These days, everyone is wanting to make great beats and it makes sense why.
You could be up and running quickly, all you should do is download one of some beat making apps.
Smartphones and iPads are particularly intuitive for beat making, they have that tactile element which particularly lends itself to percussive creation.
However, how to make beats that go viral from the crowd?
Randomly penciling something into a step sequencer is not likely to produce a great outcome.
It takes a little bit of knowledge and lots of practice to make something that is cool and authentic to your taste and aesthetic.
In this post, we will dip into the knowledge side of beat making so you could get set up to efficiently put the time in to get better!
1. Choose a DAW or groove box
If you are learning how to write a song the hardest factor is beginning.
Learning how to make beats is a good way to get your artistic juices flowing. And the extra you do it the higher you get at it.
Step one is to find a platform where you will produce your beat.
In this guide, I’m using Ableton Live to show you the basics of beat making, however, any DAW could be used similarly to make beats.
2. Find your producer palette
Beat making is just like a painting. Before you even touch the canvas you must think about your colors.
Before opening your DAW, put together a collection of sounds. They will be the building blocks of your beat.
The sounds you select will assist to guide your process from the beginning.
There are lots of approaches to selecting your sounds. For this post, I will be concentrating on two.
- Sample packs
Sample packs are good when you are wondering how to sample without getting sued.
- Virtual instruments
The second strategy is to use the instruments that include your DAW.
For beat making particularly, you will use a drumrack.
Your drumrack consists of all the percussive elements of your beat. You’ll spend time here finding the right snare, claps, high hats, kick, and more.
Virtual instruments include high-quality samples from the best and most iconic music gear. You do not want to save up 4000$ for a Roland TR-909.
You always need to be including in your collection by downloading free VSTs whenever you find them. Who knows if you will need that Frohmage.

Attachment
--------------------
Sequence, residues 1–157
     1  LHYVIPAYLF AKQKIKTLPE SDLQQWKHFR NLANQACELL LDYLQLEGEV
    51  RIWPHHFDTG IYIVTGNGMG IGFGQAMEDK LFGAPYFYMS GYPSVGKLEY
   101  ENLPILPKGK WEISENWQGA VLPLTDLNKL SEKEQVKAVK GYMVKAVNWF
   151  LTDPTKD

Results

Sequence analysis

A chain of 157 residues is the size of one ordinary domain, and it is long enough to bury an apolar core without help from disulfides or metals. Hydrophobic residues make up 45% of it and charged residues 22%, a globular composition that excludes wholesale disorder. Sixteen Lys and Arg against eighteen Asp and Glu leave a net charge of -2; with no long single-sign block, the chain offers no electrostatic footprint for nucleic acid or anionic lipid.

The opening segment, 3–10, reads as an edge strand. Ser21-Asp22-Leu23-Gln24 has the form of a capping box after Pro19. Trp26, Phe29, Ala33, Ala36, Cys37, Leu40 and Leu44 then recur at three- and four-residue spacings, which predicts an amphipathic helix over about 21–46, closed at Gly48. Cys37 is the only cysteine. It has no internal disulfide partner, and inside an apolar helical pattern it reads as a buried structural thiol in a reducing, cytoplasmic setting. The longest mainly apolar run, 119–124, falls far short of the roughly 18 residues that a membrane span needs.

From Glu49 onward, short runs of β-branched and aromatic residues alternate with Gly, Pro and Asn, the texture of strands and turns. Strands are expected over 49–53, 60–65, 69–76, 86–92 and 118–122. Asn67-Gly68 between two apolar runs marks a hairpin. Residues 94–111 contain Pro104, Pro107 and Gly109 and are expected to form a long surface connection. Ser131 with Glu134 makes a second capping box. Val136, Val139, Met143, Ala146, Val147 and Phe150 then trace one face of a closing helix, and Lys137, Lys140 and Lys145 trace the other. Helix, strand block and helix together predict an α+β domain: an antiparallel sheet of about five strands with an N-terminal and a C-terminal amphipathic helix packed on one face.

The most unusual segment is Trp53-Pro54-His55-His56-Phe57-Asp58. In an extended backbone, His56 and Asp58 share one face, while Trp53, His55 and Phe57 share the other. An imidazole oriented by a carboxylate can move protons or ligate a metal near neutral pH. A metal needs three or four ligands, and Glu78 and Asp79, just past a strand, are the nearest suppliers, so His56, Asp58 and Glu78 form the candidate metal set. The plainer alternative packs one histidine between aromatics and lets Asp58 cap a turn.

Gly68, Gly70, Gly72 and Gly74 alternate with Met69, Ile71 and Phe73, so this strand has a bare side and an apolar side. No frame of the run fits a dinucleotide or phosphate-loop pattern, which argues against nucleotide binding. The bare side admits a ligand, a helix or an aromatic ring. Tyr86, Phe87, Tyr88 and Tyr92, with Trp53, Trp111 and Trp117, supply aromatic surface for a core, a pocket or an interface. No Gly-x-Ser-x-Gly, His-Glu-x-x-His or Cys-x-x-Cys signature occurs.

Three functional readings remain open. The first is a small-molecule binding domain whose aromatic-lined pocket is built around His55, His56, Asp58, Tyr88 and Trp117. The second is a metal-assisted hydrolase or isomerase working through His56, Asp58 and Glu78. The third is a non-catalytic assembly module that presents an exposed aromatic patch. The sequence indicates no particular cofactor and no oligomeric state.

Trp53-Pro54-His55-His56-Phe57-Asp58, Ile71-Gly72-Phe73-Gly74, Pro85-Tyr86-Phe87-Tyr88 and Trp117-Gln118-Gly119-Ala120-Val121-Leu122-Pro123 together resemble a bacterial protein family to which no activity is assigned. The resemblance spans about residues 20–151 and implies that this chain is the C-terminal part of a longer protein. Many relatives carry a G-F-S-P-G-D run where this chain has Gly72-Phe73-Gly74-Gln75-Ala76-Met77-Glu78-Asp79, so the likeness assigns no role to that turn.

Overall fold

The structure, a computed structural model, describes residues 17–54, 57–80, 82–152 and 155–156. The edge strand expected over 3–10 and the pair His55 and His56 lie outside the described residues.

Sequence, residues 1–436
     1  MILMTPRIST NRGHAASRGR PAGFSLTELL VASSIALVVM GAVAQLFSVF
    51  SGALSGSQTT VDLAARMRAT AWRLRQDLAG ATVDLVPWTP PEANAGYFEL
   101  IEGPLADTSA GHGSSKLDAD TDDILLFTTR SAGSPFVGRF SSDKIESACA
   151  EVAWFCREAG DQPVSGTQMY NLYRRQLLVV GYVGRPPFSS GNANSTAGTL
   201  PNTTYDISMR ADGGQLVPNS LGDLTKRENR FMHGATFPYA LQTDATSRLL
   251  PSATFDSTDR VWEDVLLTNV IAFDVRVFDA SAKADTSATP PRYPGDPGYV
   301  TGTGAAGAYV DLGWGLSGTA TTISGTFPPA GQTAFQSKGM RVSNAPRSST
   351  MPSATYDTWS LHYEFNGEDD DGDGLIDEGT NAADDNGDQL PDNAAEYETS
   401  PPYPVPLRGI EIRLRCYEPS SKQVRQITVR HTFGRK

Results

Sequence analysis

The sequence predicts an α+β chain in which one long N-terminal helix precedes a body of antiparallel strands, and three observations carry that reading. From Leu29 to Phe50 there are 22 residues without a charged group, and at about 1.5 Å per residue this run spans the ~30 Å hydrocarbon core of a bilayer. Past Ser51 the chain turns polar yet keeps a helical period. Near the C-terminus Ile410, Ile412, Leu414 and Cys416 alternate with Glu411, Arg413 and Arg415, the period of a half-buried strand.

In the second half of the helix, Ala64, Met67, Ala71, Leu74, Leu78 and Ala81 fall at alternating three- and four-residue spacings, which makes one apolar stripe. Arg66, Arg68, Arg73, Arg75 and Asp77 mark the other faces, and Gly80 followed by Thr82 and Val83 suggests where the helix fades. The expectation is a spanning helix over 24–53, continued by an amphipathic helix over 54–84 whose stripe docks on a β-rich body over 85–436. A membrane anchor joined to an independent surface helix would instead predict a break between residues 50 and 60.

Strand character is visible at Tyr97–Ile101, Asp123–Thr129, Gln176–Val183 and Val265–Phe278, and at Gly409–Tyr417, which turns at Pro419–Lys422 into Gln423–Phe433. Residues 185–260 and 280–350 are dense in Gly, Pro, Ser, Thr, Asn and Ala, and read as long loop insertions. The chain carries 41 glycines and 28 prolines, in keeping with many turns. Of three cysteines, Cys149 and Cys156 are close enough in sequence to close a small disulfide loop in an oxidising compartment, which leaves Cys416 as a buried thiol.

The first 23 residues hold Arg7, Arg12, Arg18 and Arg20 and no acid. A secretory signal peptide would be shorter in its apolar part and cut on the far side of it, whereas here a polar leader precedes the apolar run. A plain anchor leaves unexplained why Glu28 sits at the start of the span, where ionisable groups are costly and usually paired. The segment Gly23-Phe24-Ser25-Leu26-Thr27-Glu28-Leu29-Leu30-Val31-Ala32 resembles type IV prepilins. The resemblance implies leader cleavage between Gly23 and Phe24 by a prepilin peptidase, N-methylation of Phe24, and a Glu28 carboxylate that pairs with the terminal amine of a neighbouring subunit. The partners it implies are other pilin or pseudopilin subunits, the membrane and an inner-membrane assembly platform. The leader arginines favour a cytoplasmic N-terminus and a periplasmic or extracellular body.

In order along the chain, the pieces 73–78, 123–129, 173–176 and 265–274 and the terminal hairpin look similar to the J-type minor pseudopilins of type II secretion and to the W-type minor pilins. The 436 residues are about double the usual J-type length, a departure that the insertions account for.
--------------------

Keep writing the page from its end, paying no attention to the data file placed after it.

3. Open up your DAW
Time to begin building! Fire up your DAW and let’s go.
Wait up, there is something you need to know first! It’ll save you major headaches in the future.
Stay organized with your samples from the get-go.
When you are utilizing sample packs, put them all in the same folder. Name the folder something you will not forget – like ‘SAMPLES [name of your project]’.
When you make your Ableton session, save it immediately. Put your sample folder in the Ableton project folder.
That method you will never run into the ‘oops your DAW cannot find your files’ problem (trust me it’s no fun).
If you determine to move the Ableton project folder all of your samples will be where you want them.
Hot tip: I even have folders for my Ableton projects by month so I keep track of my progression. However, that is optional – only for the organization freaks out there (like me)!
Okay, now let’s roll!
The first thing to know is that there are two types of tracks in your DAW – ‘MIDI’ and ‘Audio’.
When you are utilizing samples drag them into an Audio track. Audio tracks are also for recording vocals or an external instrument.
Use MIDI if you are considering to make great beats utilizing virtual tools or VSTs in your DAW.
4. Begin your Session
Let’s begin to make great beats.
Ableton has two views: Session view and Arrangement view.
Session view is the default if you open a session. The tracks are laid out vertically. Use it to drag in your samples and begin playing with ideas.
Select a drum kit from the sidebar and load it into your drumrack.
Now let’s write the beat beginning with the Kick Drum. I’m going for four-on-the-floor with an additional hit earlier than the third beat.
Add the Snare Drum. I am putting it on the same beat as the Kick. It may sound weird for now, however, we will tweak the sounds in a moment.
Now add another layer. I selected the Rim sound for some percussive variation.
However, it could be anything you need, like a high-hat, a sample of your studio door locking, or anything else that matches.
Time for some Toms. I dropped one in right after the second Kick.